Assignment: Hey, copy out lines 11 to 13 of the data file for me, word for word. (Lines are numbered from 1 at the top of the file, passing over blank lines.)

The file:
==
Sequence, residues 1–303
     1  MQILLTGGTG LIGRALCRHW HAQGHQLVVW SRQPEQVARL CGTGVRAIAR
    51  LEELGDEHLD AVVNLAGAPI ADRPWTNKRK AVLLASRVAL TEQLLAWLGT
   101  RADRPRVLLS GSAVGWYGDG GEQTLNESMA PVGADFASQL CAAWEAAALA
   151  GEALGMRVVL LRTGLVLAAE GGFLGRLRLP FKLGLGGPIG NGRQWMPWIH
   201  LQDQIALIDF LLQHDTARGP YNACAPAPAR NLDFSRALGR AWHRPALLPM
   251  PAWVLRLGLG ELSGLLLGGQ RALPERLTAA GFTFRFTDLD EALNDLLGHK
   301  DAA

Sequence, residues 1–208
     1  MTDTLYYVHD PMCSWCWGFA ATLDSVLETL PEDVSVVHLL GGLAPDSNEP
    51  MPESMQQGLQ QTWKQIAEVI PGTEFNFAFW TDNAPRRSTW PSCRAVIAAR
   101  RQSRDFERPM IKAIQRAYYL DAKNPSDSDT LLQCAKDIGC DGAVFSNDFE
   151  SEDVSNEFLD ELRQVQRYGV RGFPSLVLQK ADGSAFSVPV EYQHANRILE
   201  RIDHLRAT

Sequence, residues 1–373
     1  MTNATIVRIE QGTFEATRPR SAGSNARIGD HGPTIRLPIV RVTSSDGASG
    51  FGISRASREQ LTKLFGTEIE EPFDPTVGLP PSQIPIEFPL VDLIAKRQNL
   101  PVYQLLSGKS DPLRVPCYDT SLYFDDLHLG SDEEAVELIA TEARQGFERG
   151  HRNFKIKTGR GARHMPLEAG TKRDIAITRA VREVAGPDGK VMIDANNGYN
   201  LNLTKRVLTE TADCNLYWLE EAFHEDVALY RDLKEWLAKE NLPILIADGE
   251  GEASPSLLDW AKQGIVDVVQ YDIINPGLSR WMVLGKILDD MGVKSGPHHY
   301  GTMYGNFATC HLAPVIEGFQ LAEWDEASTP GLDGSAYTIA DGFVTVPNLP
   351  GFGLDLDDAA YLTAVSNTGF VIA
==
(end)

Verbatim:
    51  MPESMQQGLQ QTWKQIAEVI PGTEFNFAFW TDNAPRRSTW PSCRAVIAAR
   101  RQSRDFERPM IKAIQRAYYL DAKNPSDSDT LLQCAKDIGC DGAVFSNDFE
   151  SEDVSNEFLD ELRQVQRYGV RGFPSLVLQK ADGSAFSVPV EYQHANRILE